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Desert Shield/Storm?

Seeing a lot of Vietnam vet posts. Haven’t seen any about 1990,91 Desert Shield/Storm commentaries. I was in 1st LAI Bn TOW plt. We got airlifted out on Labor Day weekend to Saudi Arabia. I suppose some of what I remember most are the exaggerations of the media. Like, I never drank 5 gal of water a day and after getting climatized I drank the same amount of water as I drank back at Pendleton. As far as actually busting caps, I never did, I was the guide and drove the platoon hummer wherever Capt. Freda wanted me to go. When we were sitting in Kuwait airport I found out that about 2/3 of the platoon never fired a shot either. And they were up with the forward units. I was with he supply train about 10 miles back. We sat in the middle of the burning oil wells for about 3 days before moving into the airport and then it ended. Just over a 96 timewise. I’ve only seen a couple of guys wearing Desert Storm covers since then and when I asked them where they were at or which units they were in it seemed like it was a big secret they couldn’t tell me anything. So if there are any Desert Shield/Storm vets out there with more interesting accounts to tell (and you’re not sworn to secrecy) go ahead and write in I would like to read them. And no, I’m not writing a book. R/S Sgt. Pete
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MIKE G - April 24, 2022

I was in the Command Group of 7thMEB, we left 29 Palms about a week after Kuwait was invaded. Ended up, as a Gunny, driving a LtCol around, who was part the 1stMarDiv, General’s Staff. He was pretty cool because we were always in-between units, we never stuck around very long. We also sat in the burning oil wells checking on the POW camps. When we did convoy into the the Kuwaiti Airport we were on the tarmac like sitting ducks. The Col decided, I asked him not to, to get out of the vehicle and talk to the Division Chaplain. As I was running behind the vehicle a round cracked over my head, I threw the Col back into the vehicle and told the Chaplain’s Assistant, some 2ndClass, to follow me. We drove out of the convoy and into the buildings. I ended up taking the 2ndClass with me to clear the buildings. He didn’t have any ammo and had only FAM fired the M16. He and I cleared some of the buildings until we came into a waiting room and encountered a grunt unit coming our way. The next morning I went out looking for a friend of mine with LAI’s. Every morning either he or I would bring the other a cup of coffee. So, I drove up to where they were at with a canteen cup of coffee. Got out of the vehicle and strolled up to their building, he came out yelling at me and pushed me inside the building. They had been taking sniper fire all morning, sure enough a round hit the building. That was the most excitement I encountered.

Michael Romans - April 15, 2020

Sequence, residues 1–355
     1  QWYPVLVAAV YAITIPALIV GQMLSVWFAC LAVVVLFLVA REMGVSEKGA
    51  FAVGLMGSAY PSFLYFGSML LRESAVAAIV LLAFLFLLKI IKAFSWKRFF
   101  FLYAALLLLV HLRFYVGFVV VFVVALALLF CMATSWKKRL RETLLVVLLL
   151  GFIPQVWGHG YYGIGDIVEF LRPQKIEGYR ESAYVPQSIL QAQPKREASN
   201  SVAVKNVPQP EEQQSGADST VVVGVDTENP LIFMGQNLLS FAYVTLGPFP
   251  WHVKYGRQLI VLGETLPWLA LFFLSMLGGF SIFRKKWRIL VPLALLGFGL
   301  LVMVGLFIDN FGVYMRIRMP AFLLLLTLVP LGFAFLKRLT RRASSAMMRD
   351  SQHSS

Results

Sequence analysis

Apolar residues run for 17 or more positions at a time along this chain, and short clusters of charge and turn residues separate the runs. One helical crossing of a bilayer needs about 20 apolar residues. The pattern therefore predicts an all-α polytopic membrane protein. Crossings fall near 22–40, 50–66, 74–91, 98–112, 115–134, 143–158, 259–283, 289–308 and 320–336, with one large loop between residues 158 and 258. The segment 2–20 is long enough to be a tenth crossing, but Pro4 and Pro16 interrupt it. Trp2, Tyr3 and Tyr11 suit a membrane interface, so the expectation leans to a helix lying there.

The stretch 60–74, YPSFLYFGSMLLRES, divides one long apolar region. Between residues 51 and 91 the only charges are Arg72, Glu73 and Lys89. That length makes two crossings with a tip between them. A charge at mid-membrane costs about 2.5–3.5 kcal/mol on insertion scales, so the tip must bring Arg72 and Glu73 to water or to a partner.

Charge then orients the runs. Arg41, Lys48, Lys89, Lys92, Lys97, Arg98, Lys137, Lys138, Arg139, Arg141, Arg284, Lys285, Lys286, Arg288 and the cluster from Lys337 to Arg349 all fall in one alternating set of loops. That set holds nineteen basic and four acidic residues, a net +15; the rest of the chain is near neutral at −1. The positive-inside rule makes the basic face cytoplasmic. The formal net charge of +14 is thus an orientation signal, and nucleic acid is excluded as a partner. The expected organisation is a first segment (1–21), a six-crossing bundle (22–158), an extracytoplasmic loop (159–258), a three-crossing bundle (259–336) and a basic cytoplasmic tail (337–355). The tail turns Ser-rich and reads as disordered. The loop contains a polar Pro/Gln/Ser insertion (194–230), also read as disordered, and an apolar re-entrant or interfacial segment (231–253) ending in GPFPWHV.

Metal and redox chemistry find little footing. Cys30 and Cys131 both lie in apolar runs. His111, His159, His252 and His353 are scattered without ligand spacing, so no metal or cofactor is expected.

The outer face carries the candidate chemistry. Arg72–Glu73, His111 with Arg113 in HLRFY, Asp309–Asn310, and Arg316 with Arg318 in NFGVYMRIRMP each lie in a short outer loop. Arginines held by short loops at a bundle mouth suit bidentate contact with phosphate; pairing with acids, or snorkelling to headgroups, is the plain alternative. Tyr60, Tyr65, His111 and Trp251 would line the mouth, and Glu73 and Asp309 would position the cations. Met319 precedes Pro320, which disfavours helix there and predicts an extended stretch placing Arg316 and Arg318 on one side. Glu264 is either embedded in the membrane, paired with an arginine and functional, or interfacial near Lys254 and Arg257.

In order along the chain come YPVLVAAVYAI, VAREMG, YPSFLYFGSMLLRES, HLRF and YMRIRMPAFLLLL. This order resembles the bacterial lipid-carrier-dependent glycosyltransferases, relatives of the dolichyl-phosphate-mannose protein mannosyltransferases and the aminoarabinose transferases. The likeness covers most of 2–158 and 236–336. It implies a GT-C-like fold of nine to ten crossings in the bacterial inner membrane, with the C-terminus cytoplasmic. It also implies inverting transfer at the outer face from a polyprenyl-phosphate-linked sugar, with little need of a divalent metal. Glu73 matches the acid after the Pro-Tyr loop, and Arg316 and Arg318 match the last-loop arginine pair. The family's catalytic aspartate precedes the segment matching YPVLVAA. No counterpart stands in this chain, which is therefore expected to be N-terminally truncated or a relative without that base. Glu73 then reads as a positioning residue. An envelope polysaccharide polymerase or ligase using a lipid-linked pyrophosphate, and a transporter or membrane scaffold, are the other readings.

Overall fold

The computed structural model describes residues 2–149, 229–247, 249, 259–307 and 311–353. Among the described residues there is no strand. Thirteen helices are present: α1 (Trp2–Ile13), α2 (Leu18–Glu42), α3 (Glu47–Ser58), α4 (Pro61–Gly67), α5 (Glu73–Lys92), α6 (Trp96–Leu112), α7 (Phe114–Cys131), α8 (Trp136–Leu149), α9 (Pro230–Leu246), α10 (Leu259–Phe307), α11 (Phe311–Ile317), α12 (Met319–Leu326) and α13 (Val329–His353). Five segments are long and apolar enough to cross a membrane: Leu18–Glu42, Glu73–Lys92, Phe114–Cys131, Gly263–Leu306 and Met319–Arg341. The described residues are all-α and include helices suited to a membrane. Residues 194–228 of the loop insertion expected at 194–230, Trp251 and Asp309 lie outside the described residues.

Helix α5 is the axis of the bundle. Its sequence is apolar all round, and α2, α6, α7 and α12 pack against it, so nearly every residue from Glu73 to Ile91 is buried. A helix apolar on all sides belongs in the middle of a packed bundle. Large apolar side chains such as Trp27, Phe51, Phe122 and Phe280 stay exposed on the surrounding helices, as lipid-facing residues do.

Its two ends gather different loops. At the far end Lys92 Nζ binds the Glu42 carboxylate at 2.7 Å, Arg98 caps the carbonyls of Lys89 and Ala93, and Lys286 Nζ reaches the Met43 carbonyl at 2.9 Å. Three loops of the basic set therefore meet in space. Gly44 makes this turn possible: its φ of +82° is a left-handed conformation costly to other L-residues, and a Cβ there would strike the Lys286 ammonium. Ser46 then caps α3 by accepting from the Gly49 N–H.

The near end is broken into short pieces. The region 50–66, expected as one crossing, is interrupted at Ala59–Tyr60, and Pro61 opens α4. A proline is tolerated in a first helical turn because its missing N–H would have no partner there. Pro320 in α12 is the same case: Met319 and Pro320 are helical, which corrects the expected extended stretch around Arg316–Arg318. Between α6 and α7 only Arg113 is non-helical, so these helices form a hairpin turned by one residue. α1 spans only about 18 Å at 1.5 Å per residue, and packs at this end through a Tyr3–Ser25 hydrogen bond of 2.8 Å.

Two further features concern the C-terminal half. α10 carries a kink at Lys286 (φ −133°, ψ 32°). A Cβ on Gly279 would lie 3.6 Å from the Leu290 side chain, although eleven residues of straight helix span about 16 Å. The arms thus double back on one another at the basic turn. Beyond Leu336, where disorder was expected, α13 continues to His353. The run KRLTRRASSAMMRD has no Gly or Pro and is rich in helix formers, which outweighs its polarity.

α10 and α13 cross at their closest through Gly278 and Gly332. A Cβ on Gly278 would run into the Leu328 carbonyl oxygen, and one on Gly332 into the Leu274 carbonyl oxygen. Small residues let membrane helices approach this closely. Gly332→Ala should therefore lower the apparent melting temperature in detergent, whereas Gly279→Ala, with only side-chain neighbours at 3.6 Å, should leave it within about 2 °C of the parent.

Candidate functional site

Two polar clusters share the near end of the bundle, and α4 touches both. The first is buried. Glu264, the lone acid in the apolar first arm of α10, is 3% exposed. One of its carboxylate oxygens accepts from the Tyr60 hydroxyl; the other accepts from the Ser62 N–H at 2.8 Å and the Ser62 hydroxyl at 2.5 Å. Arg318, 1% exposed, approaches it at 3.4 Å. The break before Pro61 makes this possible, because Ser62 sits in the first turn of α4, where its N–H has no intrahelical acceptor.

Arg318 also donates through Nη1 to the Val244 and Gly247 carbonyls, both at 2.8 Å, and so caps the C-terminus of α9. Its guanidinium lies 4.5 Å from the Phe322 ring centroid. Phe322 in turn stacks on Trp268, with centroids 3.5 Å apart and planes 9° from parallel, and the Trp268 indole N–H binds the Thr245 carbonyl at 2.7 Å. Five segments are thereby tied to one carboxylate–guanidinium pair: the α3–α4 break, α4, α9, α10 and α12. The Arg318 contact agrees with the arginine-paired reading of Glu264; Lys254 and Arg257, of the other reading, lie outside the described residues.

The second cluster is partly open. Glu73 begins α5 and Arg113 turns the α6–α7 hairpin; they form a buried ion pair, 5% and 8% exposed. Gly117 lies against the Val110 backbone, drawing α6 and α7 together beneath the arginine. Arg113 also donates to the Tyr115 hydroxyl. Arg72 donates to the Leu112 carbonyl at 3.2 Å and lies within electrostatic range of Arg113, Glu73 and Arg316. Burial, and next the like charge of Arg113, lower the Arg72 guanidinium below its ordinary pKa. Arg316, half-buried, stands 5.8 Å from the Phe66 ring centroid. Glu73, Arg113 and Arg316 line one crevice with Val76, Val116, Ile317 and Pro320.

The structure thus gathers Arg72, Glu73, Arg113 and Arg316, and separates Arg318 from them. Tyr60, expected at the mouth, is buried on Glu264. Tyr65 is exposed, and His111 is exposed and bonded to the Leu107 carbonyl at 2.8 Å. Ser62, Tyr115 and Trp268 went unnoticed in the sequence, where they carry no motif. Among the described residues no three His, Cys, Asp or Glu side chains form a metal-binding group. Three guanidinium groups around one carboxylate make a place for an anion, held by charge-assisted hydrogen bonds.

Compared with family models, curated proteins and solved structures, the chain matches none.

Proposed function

Good day Sgt. Pete, I enjoyed your post regarding DS/DS. I too was over there but do not really talk much about it. Not because I witnessed anything bad, but honestly didn’t see much at all. I had five other Marines of my fathers siblings to include him. Of the five one was in Korea and retired SgtMaj., two were combat vets of Vietnam, my father was Korea era and their sister, my aunt. Growing up and hearing their stories always left me in awe. I was assigned to support VMA 231 at Camp Abdul Ariz airbase (aka the Skud bowl since to was a soccer field with an airstrip next to the Persian Gulf.) My parent unit elements of MALS 32 just finished seven and a half months in Iwakuni and then arrived there on Jan 1st. We were told to expect the worst, that we would loose aircraft and our base was a target. Well we did loose one plane that I remember, Capt. Russell Sanborn but was taken pow. We flew a lot of missions but after speaking with some pilots the impression I got was it was like we were beating up on our little brother. I don’t recall any hostile activity against our base. In short I don’t speak much about it because I have not much to speak of. Especially in wake of what our vets now have under gone my time there was no worst that my time at CAX. I do mention that I did serve, and did what was asked of me. My personal belief is that maybe many don’t talk about our time there is because we either dont have much to talk about or it pales to what the vets have gone through for the last 18 years! Thank you for your service and for bringing this up. I enjoy hearing others experience from our war/conflict and would enjoy hearing more. If anyone would like to read a great book about the gulf war I wouldn’t encourage one reading it. It’s called “Bravo Two Zero” by Andy McNab. He was an SAS operative and the book is about their mission during the war. It was a enlightenment to me since it outlines some of the bad things that happened in that war that we were never told about. Thank you again, Semper Fi. Cpl. Michael Romans